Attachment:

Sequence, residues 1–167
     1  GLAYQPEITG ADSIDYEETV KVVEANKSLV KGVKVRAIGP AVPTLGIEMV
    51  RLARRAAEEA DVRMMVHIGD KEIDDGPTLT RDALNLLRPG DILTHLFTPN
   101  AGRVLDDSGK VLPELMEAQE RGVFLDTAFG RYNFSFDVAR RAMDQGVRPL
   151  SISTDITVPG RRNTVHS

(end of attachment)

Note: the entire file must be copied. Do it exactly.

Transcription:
Sequence, residues 1–167
     1  GLAYQPEITG ADSIDYEETV KVVEANKSLV KGVKVRAIGP AVPTLGIEMV
    51  RLARRAAEEA DVRMMVHIGD KEIDDGPTLT RDALNLLRPG DILTHLFTPN
   101  AGRVLDDSGK VLPELMEAQE RGVFLDTAFG RYNFSFDVAR RAMDQGVRPL
   151  SISTDITVPG RRNTVHS